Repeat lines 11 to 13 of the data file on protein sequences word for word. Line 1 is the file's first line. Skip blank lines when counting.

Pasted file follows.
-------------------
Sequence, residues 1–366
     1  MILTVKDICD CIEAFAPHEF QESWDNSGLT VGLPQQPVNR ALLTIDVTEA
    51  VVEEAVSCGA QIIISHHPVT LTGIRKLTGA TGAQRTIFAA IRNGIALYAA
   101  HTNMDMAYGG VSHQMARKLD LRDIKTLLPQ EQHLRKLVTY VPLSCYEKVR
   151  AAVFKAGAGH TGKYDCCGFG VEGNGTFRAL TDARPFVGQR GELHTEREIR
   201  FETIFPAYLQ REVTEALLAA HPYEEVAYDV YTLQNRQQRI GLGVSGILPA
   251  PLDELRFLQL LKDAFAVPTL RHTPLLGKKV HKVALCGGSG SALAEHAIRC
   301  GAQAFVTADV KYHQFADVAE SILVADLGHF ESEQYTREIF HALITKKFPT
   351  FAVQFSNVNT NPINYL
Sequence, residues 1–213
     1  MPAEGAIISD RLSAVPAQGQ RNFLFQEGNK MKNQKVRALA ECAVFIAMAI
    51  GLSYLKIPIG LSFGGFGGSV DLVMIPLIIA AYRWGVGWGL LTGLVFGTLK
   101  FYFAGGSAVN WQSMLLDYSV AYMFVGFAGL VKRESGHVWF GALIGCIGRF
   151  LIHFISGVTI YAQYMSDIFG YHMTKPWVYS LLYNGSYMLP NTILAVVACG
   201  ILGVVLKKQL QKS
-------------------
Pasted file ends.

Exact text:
     1  MPAEGAIISD RLSAVPAQGQ RNFLFQEGNK MKNQKVRALA ECAVFIAMAI
    51  GLSYLKIPIG LSFGGFGGSV DLVMIPLIIA AYRWGVGWGL LTGLVFGTLK
   101  FYFAGGSAVN WQSMLLDYSV AYMFVGFAGL VKRESGHVWF GALIGCIGRF